Of the seven samples, only four bore riders' names, one of Sinkewitz and three of unnamed riders, but these did not belong to Kl÷den or Kessler.
The end is nigh...
T-Mobile dumped general manager Olaf Ludwig and brought in Bob Stapleton during 2006. The American, who placed a heavy emphasis on anti-doping policies, officially assumed control of the team as of January 1, 2007. The report indicates that as of that date, "no doping activity could be found, but on the contrary, a stronger anti-doping programme was introduced."
That programme was to be run by Dr. Heinrich, but when he was named by d'Hont in May, 2007, the team quickly ended its association with the doctor.
Shortly after announcing that Stapleton would take over, T-Mobile's mother company, Deutsche Telekom cancelled any further sponsorship of the team after 17 years. The team has continued under Stapleton in two incarnations, the latest being Team Columbia-Highroad, which has made sweeping changes and operates under a new UCI racing license obtained by Stapleton.
Neglecting the duty of care
The report's authors - three medical experts - were especially horrified at the health risks the doctors imposed on riders in the team. Schmid and Heinrich were quick to provide the riders with doping products but slow to disseminate vital information concerning the products' possible side-effects.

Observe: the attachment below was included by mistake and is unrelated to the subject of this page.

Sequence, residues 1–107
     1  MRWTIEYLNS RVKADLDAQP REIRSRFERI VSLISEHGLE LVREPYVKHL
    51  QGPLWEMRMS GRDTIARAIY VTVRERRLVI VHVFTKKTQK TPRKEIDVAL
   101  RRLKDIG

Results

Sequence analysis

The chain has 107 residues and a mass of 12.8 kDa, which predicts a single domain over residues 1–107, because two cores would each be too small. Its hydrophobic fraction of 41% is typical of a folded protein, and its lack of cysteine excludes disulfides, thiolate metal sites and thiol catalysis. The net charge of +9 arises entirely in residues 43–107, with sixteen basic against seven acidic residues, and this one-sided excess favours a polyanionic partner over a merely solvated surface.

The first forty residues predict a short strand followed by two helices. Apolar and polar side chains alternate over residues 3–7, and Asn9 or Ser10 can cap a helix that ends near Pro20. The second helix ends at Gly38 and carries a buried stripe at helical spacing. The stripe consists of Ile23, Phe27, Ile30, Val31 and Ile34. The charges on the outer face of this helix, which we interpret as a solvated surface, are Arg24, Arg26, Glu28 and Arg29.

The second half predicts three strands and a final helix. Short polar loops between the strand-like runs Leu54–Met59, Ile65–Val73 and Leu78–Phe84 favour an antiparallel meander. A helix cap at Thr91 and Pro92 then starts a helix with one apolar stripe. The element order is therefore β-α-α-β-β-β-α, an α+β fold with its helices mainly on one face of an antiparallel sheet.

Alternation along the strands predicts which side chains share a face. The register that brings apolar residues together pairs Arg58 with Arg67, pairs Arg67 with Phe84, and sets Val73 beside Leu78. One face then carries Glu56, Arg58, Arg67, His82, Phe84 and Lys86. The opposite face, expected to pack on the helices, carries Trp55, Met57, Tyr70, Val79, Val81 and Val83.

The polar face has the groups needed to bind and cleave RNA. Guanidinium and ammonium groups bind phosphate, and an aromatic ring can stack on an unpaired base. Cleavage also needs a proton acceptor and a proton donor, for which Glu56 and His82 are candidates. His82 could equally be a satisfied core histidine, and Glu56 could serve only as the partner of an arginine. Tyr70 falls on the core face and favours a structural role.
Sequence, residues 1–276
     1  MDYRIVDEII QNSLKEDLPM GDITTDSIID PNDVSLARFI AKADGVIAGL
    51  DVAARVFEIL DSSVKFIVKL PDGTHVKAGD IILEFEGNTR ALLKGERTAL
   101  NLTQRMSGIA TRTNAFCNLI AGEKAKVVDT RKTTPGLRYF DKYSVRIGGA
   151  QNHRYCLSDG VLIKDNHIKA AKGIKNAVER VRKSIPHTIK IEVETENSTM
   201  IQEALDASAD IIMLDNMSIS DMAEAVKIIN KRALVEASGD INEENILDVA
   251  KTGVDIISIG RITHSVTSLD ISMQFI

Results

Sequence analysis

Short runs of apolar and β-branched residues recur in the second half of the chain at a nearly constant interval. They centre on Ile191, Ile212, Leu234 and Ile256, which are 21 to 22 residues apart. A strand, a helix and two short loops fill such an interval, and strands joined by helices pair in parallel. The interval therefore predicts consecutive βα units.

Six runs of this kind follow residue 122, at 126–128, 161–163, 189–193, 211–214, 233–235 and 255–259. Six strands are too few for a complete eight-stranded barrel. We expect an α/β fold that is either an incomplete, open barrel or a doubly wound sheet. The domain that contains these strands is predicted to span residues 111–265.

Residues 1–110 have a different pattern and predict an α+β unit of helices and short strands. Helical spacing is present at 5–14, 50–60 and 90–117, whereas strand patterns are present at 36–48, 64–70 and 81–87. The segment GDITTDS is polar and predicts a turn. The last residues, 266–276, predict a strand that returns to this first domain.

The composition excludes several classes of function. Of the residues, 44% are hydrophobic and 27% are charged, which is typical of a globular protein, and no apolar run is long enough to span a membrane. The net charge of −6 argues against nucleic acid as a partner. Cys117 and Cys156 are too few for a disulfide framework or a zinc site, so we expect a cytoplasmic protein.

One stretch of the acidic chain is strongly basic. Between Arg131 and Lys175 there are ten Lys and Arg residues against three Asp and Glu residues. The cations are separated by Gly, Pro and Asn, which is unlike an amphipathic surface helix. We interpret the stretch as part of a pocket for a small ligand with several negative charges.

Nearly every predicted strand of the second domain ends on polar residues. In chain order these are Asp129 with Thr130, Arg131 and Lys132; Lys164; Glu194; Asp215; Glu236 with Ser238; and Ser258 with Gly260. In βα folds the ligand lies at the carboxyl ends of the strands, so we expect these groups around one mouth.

They discussed the health risks involved, "but played them down." The report discusses at length the possible after-effects of EPO and other drug use, and notes even that the method of giving the transfusions was not up to medical standards.
Harshly criticised is the transfusion given to Sinkewitz during the 2007 Tour de France. The first bag of blood they used was clotted, and only about half of it could be injected. A second bag was then used, but about halfway through, Schmid abruptly concluded the transfusion, on the grounds the other riders were finished and ready to return to the team hotel.
At no point, the report noted, did the doctors inform Sinkewitz of the possible dangers such as a lung embolism or septic shock, but let him ride back to France without medical attention.
Heinrich and Schmid were not the only doctors mentioned in the report. Dr. Georg Huber was also found to have supplied testosterone to riders when he was team doctor the German national team from 1980 to 1990. Huber confessed to having supplied testosterone to two under-23 cyclists "for medical reasons" in 1987.
Sponsors Deutsche Telekom and T-Mobile International were not involved in the doping, the report concluded, or at least it found no reason to believe that the sponsors were involved. It notes, however, that the sponsor contract was not ended when the doping news increased, "but only when public opinion changed and there was no more good public image to be attained with Team T-Mobile."
The commission said at its press conference that it found no indication Jan Ullrich was involved in this particular doping programme. "We found nothing new against Jan Ullrich," said Hans Joachim Schafer, head of the commission. "I assume that Jan Ullrich was in Freiburg for the usual medical examinations, but was cared for elsewhere, if at all." Ullrich, however, was linked by DNA to blood taken into custody during Operaci˛n Puerto.